March 2, 2021

After Day of Tumult, Dow Closes Up 430 Points

The Fed announced that while it would not be coming to the rescue with some new program to stimulate the economy, it would leave interest rates unchanged for a couple of years.

That sent stocks tumbling — until traders figured out that locked-in interest rates and cheap credit could actually give the economy a more solid footing. Minutes after the 2:15 p.m. announcement, the Dow Jones industrial average sped downward 1.7 percent. But stocks soon made a U-turn and roared through the rest of trading. For the day, the Dow rose 429 points, or 3.98 percent, to close at 11,239.77. The broader Standard Poor’s 500-stock index rose 4.7 percent to 1,172.53.

It was the biggest daily gain in both indexes since March 2009, and followed the carnage of Monday’s 6.7 percent S. P. sell-off, the biggest loss since the height of the financial crisis in late 2008.

Following the initial disappointment in the Fed’s statement, the move seemed significant: after already cutting the short-term federal funds rate to virtually zero, the Fed was effectively telling investors it was now going to keep two-year bond rates close to zero as well.

As that interpretation spread through markets, investors realized it could provide a big stimulus to the economy and, with bond yields tumbling quickly as a result, encourage investors to hold stocks.

“It was quite a violent reaction,” said Ron Florance, the managing director for investment strategy at Wells Fargo Private Bank.

But it is uncertain whether the euphoria of the late trading on Tuesday will continue, or whether stocks will resume their steep decline of the past couple of weeks. “It’s always spurious to try to explain a single day’s move,” said Rob Sluymer, a technical analyst at RBC Capital Markets in New York.

Few believed that after the crazy sell-offs in recent sessions and the string of downbeat economic data, the Fed’s action on Tuesday meant the long-term problems of the economy were over.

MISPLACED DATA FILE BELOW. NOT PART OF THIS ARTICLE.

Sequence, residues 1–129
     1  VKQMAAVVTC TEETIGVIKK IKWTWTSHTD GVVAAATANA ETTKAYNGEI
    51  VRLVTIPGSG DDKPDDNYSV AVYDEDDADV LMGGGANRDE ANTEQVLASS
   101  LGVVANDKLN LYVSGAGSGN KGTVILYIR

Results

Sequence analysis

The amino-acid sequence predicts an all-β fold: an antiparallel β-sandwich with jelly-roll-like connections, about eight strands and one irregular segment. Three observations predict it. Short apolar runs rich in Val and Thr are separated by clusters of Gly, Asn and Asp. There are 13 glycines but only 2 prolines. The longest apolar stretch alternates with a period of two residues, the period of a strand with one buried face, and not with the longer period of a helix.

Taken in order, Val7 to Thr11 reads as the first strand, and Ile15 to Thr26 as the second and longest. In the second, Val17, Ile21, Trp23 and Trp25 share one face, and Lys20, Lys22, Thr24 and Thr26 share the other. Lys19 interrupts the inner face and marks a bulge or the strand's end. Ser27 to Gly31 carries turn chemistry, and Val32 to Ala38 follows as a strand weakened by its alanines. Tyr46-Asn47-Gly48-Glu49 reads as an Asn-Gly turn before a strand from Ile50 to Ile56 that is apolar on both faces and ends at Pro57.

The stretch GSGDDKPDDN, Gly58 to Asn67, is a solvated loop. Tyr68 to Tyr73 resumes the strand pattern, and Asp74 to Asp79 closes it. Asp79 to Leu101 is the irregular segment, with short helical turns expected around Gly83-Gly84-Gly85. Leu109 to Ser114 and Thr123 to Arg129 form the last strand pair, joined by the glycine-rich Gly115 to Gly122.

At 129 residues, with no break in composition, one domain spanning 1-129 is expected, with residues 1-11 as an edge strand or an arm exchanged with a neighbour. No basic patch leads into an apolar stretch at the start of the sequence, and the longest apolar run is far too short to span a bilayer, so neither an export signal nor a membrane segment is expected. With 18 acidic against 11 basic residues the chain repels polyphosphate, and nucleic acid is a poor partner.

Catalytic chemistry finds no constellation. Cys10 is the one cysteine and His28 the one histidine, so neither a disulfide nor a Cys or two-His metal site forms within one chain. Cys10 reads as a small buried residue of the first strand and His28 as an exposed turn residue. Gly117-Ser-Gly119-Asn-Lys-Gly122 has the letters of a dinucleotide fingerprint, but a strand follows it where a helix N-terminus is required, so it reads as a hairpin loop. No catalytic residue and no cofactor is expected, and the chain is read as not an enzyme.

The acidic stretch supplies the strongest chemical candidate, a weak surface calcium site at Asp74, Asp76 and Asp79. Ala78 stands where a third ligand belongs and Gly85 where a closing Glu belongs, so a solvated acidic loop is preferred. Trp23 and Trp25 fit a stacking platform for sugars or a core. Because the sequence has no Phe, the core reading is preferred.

“The big one out there is, there is still this concern that we could have this double-dip recession,” said Augustine Faucher, director of macroeconomics at Moody’s Analytics.

Still, many analysts pinned the rally to the fact that the Fed confirmed that near-zero rates are here to stay for another two years at least.

That had an immediate impact on the United States bond market. Two-year yields on Treasuries swung lower to a paltry 0.19 percent. They had been over 0.4 percent just a few days ago.

And yields on 10-year Treasuries, already falling in recent days on investors’ search for safety amid the global market turmoil, fell further, to 2.28 percent from 2.32 percent.

Those declines, analysts said, left investors with a stark question: Where else could you put your money to earn a decent return?

“For all their volatility as we have seen, there is now no other place except stocks,” said Todd Colvin, an interest rate strategist at MF Global.

Strange as it seems, wild swings like this — down sharply one day, up nearly as much the next day — are not all that unusual in times of economic uncertainty. Indeed, after the financial meltdown began in September 2008, there were 27 days by the end of the year when stocks rose or fell by 4 percent or more.

While 15 of those were down days, what most people forget is that 12 of those were up days.

Cumulatively, of course, the declines on the down days exceeded the gains on the up days, and stocks over all dropped 28 percent by the end of 2008.

On Tuesday, trading began on an optimistic note as the market rose ahead of the Fed’s meeting. But around 2:15 p.m., the phones went quiet on Wall Street trading floors as traders awaited the Fed’s decision.

Then, after an initial sharp drop, stocks rallied.

Floyd Norris, Julie Creswell and Bettina Wassener contributed reporting.

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